Within the minutiae of San Luis Obispo's 157-page draft active transportation plan, one statement jumps out. In the next 10 years, the city expects to complete 100 percent of its highest priority bike and pedestrian projects.
That high-priority list is long and only 6.5 percent complete—it includes 52 projects, stretching dozens of miles and potentially costing more than $100 million.
At its core is a network of physically protected bike lanes, which will traverse busy arterial roads like Broad Street, Higuera Street, Marsh Street, Foothill Boulevard, Los Osos Valley Road, Madonna Road, and Tank Farm Road.
- File Photo By Kaori Peters
- NO VEHICLES VISION San Luis Obispo's draft active transportation plan includes more than 300 bike and pedestrian projects, with a goal to build 100 percent of the top-priority facilities by 2030.
According to SLO Active Transportation Manager Adam Fukushima, the plan's ambitious scope and timeline is directly related to the city's warp-speed goal of achieving net-zero greenhouse gas (GHG) emissions by 2035.
"What it comes down to is we have climate action goals, and transportation is the major source of GHG emissions," Fukushima told New Times. "So active transportation—converting a lot of the single occupancy vehicle trips to bike and pedestrian trips—is a huge part of that."
The plan divides more than 300 bike and pedestrian projects into three tiers—with Tier 1 featuring the highest priority projects. There's some community debate taking place about which projects are deserving of Tier 1 status.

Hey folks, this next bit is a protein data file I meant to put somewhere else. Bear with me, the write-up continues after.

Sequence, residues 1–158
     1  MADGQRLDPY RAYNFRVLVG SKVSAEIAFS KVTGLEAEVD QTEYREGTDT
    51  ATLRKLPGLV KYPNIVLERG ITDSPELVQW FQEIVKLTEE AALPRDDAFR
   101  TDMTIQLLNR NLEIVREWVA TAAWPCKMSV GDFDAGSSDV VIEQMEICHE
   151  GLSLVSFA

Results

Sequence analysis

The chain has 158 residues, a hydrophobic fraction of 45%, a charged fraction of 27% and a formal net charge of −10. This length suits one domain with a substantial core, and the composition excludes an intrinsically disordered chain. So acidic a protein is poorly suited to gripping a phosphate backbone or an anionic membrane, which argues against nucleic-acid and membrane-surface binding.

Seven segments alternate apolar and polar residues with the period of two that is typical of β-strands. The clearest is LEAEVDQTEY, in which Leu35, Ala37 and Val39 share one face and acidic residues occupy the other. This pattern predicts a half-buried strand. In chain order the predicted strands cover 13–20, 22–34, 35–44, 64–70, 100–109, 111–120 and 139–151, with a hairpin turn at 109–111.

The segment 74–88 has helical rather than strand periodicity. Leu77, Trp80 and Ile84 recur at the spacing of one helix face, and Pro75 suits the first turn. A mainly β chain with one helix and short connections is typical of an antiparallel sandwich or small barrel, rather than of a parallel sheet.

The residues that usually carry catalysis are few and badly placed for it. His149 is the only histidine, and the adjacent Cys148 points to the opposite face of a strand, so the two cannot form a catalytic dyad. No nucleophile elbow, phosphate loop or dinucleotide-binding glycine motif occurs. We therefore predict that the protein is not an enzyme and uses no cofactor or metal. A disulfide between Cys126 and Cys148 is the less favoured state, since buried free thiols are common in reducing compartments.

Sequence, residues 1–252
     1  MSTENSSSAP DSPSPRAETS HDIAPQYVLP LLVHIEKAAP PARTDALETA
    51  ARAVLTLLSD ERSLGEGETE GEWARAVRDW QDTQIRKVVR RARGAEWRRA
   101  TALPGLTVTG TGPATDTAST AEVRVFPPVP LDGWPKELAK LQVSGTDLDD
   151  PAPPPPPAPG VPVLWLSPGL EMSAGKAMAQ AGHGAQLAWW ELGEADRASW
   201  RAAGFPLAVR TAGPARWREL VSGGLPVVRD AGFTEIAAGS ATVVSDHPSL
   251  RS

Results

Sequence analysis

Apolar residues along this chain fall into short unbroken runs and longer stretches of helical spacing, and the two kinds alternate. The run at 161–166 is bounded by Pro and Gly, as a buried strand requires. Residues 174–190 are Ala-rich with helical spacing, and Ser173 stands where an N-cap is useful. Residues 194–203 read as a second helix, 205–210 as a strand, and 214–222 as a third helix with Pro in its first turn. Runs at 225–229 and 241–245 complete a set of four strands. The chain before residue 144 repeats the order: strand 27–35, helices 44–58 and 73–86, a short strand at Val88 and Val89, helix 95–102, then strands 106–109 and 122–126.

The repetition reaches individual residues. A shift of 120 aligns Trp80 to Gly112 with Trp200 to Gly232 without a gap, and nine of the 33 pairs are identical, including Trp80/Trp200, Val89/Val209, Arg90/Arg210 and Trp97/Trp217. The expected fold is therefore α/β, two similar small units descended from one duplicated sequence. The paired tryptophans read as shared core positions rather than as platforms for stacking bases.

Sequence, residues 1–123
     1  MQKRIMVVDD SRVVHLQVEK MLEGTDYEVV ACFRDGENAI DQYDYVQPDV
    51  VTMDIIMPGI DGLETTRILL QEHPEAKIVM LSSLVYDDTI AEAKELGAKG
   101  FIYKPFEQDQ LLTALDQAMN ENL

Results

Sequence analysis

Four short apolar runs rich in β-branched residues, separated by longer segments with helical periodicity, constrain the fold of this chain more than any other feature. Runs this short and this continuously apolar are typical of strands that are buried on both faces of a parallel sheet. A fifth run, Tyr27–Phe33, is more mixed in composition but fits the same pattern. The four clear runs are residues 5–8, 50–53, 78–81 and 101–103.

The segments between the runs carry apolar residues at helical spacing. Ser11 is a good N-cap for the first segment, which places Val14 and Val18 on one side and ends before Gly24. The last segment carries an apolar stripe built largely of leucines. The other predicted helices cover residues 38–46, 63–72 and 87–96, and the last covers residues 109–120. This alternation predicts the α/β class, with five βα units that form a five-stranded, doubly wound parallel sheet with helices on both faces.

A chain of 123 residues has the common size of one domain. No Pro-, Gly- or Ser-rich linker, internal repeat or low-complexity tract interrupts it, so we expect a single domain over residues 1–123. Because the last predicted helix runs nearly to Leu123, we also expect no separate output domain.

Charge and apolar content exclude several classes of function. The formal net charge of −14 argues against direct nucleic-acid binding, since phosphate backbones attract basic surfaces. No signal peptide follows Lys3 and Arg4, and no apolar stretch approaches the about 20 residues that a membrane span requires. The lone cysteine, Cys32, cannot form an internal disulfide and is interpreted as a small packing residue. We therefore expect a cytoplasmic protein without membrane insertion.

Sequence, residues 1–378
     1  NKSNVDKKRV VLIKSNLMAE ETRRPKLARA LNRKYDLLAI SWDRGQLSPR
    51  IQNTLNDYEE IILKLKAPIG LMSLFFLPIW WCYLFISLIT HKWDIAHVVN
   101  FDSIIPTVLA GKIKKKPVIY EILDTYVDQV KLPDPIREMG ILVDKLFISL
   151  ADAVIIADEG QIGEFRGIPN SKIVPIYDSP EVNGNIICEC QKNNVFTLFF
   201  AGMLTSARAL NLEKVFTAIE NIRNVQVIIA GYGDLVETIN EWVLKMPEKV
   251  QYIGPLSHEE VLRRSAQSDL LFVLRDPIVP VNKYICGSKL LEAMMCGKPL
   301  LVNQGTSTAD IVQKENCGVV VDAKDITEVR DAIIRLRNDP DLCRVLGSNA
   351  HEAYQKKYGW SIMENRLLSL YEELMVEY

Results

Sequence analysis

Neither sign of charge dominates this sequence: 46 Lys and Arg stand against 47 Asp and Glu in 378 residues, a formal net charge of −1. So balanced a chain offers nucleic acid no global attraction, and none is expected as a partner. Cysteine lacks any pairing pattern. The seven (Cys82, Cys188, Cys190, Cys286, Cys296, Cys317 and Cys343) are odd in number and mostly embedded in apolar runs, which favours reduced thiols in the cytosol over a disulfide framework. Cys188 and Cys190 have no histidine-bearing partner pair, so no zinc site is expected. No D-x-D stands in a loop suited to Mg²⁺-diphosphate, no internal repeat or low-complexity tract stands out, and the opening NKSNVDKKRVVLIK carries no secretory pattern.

"We're having a little bit of a philosophical debate," Fukushima said. "The debate we're seeing is what is the best way to reach those [climate and transportation] goals given the financial resources and time to get there."
Some residents want to see the city finish work on the Bob Jones Trail or the Railroad Safety Trail—building on trail networks that already exist. While elements of those projects are included in Tier 1, Fukushima said that costly, time-consuming factors, like acquiring land, make them more difficult to complete quickly.
That's why much of the Tier 1 approach involves installing protected bike lanes on major city streets and adding more street crossing opportunities—with some new dedicated bike and pedestrian trails included, too. SLO leaders say these projects give them the best chance of seeing a major shift in how residents commute through town.
"That's where most services are and where people want to go to," Fukushima said.
While protected bikeways are also expensive—often exceeding $1 million per mile—Fukushima said some stretches will be financed by developers as part of new housing projects like San Luis Ranch and Avila Ranch.
The active transportation plan is open for public comment through Dec. 31. Over the next week, three separate city bodies will discuss it: the Active Transportation Committee on Dec. 3; the City Council on Dec. 8; and the Planning Commission on Dec. 9.
"This is sort of wrapping up almost three years of work," Fukushima said about the stretch of meetings, which will culminate in a final council vote in February 2021. Δ